[llvm-dev] [cfe-dev] RFC: Moving toward Discord and Discourse for LLVM's discussions

Zachary Turner via llvm-dev llvm-dev at lists.llvm.org
Wed Nov 20 20:11:15 PST 2019

On Wed, Nov 20, 2019 at 4:52 PM Nemanja Ivanovic via cfe-dev <
cfe-dev at lists.llvm.org> wrote:

> If I am not mistaken, there are two things that are becoming clear:
> 1. For email, nobody seems to be against Discourse as long as the mailing
> lists are still a supported way to participate. So this seems
> non-controversial.
> 2. For IRC, people seem to be happy with switching to a more modern
> solution, but Discord is largely disliked by a significant portion of
> respondents.
> So perhaps we can focus the discussion on "if not Discord, what else?"
> Slack appears to be problematic due to lack of moderation capabilities.
> Although I don't understand that, I think it is fine - does not meet a key
> goal so we can't consider it.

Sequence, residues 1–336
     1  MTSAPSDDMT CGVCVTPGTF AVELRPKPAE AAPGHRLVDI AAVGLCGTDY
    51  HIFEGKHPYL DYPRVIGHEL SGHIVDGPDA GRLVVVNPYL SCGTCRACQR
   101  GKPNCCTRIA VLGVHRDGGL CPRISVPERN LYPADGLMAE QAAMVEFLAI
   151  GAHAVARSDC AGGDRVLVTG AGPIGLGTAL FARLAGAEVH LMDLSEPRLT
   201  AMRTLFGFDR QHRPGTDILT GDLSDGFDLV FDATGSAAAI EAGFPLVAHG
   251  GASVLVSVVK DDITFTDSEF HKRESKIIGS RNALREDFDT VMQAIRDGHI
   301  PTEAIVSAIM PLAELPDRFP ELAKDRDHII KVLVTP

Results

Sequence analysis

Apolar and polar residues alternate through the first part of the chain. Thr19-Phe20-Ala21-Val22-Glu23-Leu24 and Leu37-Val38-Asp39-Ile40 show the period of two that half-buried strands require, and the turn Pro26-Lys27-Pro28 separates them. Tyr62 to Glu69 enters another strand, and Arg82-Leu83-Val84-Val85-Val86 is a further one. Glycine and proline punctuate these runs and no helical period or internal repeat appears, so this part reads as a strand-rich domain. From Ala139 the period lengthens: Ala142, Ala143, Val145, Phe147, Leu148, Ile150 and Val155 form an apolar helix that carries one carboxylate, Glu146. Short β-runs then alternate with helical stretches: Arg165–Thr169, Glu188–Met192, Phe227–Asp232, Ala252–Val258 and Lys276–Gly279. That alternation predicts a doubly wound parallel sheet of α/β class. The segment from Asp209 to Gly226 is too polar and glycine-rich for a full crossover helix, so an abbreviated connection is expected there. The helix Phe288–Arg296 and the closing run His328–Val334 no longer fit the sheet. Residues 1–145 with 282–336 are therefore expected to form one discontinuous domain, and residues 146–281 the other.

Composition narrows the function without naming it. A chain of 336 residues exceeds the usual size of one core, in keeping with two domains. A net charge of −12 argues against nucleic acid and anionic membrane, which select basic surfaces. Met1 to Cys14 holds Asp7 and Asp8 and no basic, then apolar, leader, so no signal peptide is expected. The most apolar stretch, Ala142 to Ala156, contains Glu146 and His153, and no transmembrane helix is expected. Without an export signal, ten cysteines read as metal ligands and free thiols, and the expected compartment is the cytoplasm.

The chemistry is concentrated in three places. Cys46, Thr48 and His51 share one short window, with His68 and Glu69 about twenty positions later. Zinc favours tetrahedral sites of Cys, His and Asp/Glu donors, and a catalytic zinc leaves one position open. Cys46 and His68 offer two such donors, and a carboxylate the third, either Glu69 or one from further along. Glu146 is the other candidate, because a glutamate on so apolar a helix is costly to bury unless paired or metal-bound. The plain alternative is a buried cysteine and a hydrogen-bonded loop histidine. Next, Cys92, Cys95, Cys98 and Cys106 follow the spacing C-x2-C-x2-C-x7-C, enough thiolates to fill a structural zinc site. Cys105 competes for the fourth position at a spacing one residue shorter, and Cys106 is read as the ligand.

> This Matrix thing was brought up by some as a possibly viable way forward.
> Can we look into whether it meets all the goals?
> Perhaps a good start would be to list the goals. So far it seems like:
> - moderation capabilities
> - no terms of service that give the provider ownership of content for all
> eternity
> - IRC integration
> - preferably open source and standard protocols
> - free?

I’m still not totally sold on needing extensive moderation capabilities.
As mentioned earlier, Chromium — an open source project with more
developers than LLVM — has a code of conduct similar to LLVMs and manages
to get by with a Slack server while still maintaining their code of
conduct.  It’s possible we’re fundamentally different than Chromium in some
way, but I’d like to understand what those are before we decide it’s
impossible to have a professional and welcoming environment, because there
seems to be an existence proof to the contrary.

IRC integration, as far as i can tell, is an explicit *non* goal.

FWIW, imo the best way to be welcoming to be new people and/or outsiders is
to use tools that they probably already have some exposure to.  Being open
source is a nice-to-have, but I think it’s a mistake to weigh that heavily
in comparison to usability, familiarity, and feature set
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